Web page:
Most of this anonymous commentary had been carefully placed in the margin next to the part of the Parisian commentary treating the same topic. But not all would fit where it belonged; some had been put on blank pages at the beginning of the manuscript with a note indicating where it was to be placed “according to the other lecture of brother Thomas.” These words – “the other lecture of brother Thomas” – written by the man who had copied this second commentary into the margins of St. Thomas’ Parisian commentary, opened Boyle’s eyes to the identity of the marginal commentary.

If the marginal commentary was written by anyone other than St. Thomas, the main Parisian commentary would simply be called “the lecture of brother Thomas.” The “other lecture” only makes sense if the marginal commentary also is a work of St. Thomas.

Boyle realized that the margins of this manuscript contained the lost second commentary of St. Thomas. More evidence of authenticity would follow, but it all started with the thoughtful reading of a note in the margin of a manuscript.

Our edition, first discussed in that kitchen conversation of 1982, would be 24 years in the making. Boyle would leave Toronto in 1985 to become the director of the Vatican Library in Rome. I would finish graduate school, begin work at the College of St. Thomas in the spring of 1990 and start teaching at the new University of St. Thomas that fall. Throughout this time we worked on preparing St. Thomas’ lost work for publication. Much of my own work on the edition was done over the summers, thanks to the generous support of Monsignor Terrence Murphy and his Aquinas Foundation.

Getting a medieval Latin text from manuscript to printed book is a work of several stages. First, I transcribed the Latin as found in the manuscript, expanding the constant contractions and abbreviations. Different words can have the same abbreviation (even in English: is that “St.” short for “Street” or “Saint”?), and squiggles are easily misread, especially when working from microfilm. The transcription must therefore be checked and checked again.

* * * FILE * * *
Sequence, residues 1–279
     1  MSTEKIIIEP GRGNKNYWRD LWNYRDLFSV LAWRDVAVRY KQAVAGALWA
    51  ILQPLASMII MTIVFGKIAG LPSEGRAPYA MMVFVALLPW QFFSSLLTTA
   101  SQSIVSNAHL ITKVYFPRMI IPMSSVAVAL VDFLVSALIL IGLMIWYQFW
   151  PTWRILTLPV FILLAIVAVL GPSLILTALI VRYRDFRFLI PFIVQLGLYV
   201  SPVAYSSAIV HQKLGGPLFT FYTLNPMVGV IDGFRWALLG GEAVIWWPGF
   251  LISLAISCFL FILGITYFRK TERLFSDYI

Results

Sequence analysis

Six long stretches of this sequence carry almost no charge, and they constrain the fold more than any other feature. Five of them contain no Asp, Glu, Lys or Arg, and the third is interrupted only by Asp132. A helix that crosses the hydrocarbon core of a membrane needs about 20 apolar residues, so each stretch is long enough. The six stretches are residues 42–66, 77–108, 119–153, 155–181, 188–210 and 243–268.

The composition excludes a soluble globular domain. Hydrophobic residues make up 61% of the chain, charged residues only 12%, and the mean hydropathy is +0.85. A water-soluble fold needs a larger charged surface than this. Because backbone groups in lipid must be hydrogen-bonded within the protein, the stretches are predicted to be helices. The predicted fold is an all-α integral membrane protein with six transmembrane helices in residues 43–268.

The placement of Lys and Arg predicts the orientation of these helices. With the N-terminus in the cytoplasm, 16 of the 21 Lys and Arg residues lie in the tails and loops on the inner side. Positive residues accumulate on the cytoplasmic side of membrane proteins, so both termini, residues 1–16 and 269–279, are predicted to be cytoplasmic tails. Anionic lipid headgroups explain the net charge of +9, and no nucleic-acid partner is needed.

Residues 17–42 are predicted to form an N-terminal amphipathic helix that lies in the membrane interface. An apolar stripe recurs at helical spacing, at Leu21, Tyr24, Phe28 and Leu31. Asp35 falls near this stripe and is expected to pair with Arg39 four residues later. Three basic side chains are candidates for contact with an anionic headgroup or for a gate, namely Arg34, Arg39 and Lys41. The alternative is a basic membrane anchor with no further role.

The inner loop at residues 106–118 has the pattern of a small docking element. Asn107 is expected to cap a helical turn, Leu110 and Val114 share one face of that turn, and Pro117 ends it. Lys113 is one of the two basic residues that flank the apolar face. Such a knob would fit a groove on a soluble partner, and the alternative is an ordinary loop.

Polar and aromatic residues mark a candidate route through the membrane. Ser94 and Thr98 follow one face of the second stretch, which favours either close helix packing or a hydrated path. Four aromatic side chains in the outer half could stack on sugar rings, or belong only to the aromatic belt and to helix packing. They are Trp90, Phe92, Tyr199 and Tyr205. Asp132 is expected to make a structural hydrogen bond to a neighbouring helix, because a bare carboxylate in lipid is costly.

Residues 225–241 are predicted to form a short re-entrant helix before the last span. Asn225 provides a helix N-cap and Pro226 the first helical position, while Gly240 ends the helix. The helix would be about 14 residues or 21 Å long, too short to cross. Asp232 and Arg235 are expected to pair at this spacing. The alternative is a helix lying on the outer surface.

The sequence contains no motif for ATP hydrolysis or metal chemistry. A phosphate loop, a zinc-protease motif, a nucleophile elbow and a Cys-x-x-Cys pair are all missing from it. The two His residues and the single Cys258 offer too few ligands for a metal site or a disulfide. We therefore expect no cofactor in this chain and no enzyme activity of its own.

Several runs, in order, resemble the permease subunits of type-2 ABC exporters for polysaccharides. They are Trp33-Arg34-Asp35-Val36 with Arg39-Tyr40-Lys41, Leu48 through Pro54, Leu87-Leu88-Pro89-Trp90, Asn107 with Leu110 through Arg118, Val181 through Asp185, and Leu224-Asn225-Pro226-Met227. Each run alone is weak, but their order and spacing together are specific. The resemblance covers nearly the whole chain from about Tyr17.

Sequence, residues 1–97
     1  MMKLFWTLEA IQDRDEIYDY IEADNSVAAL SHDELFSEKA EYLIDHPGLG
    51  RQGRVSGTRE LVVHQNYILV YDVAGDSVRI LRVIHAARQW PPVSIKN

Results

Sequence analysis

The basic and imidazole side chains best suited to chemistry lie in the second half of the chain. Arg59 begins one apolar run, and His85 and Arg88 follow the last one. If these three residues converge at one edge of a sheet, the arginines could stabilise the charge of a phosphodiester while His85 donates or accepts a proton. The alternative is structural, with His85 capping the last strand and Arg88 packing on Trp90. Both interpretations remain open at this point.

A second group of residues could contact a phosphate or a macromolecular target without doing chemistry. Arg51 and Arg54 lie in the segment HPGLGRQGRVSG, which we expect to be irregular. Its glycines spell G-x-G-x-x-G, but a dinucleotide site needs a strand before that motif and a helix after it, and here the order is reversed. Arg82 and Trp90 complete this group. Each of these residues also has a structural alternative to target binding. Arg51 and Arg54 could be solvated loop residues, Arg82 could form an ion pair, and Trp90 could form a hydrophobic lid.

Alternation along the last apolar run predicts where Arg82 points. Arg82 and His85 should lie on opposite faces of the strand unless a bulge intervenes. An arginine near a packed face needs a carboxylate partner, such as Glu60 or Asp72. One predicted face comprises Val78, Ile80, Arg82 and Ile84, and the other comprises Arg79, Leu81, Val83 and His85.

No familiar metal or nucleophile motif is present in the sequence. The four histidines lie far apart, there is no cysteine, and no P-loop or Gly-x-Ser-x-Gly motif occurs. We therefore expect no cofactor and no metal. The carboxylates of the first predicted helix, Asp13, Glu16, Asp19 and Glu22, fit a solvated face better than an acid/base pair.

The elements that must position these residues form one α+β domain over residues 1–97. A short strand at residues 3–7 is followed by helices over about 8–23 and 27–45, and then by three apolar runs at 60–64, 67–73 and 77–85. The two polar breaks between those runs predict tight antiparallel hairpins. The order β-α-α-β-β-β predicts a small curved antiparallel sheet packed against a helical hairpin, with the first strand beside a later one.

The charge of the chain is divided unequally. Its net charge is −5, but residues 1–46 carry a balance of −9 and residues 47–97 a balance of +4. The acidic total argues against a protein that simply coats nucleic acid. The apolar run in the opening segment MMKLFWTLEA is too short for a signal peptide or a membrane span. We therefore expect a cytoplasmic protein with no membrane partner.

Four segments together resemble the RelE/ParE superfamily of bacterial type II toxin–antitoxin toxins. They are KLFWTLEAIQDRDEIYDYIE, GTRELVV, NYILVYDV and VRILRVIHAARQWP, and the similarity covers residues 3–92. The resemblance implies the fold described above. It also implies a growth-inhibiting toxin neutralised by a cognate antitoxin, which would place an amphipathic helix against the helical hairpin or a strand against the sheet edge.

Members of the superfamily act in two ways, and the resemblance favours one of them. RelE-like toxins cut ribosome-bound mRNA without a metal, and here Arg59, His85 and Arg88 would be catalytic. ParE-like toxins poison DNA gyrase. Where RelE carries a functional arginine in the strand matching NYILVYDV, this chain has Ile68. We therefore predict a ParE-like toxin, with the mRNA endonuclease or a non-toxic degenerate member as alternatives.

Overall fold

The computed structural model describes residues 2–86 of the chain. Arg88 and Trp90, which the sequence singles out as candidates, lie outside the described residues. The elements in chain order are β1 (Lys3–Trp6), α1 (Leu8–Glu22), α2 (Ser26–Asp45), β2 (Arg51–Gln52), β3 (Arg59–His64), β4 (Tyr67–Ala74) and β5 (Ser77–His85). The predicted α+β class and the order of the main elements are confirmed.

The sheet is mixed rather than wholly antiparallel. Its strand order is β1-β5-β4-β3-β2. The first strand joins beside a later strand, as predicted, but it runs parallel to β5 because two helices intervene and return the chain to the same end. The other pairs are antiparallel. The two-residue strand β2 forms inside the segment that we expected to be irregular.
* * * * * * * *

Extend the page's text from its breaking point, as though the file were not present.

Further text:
Once we were relatively confident that we had transcribed the Latin as found in the manuscript, I undertook to make it readable by adding modern punctuation, capitalization and paragraphing. Every once in a while, however, the text just simply did not make sense: a word seemed to be missing or the grammar was off. This is the kind of thing that happens when manuscripts are copied by hand. As editors, we fixed these mistakes but in a way that made it clear to the reader that we had intervened.

St. Thomas frequently cited the early Fathers of the church as well as ancient philosophers, especially Aristotle. I spent my first sabbatical year tracking down every one of the 334 citations in the commentary. My task was to make sure each citation was correct (most were) and provide an accurate reference for the modern reader to the cited work. I was able to find all but one.

The topics in this commentary are central to St. Thomas’ theology: the nature of theology itself, the attributes of God, how we know God, the Trinity, charity. It is a feature of St. Thomas’ mind that he was constantly refining his thought, and thus he returned to these central topics over and over again in his writings.

While there are no dramatic changes in St. Thomas’ thinking in this commentary, there are splendidly precise articulations of his thought. We find, for example, a clear presentation of the role of philosophy as an aid to the work of the theologian. Here, too, is one of St. Thomas’ fullest treatments of the Holy Spirit, both as the love that unites the Father and the Son in the Trinity and in its working in creation and the church. Yet again, St. Thomas explains how the gift of charity affects the very powers of the human soul.

Because this work had only recently been discovered, Boyle and I wanted to provide the reader with notes indicating where St. Thomas dealt with the topics in other writings so that the various treatments could be compared. I prepared 226 such notes for our edition.

Boyle was working on the edition when he died in Rome in 1999. I was left to finish the edition on my own, which was published by the Pontifical Institute of Mediaeval Studies in 2006. One of the great privileges of my life was to have worked with Boyle to bring out a new work of one of the most significant thinkers in the history of the Catholic Church. It also was a lot of fun. That the edition ever saw completion was due in great part to the support of the University of St. Thomas, for which I am most grateful.

About the author: John Boyle is a professor in the Theology and Catholic Studies departments.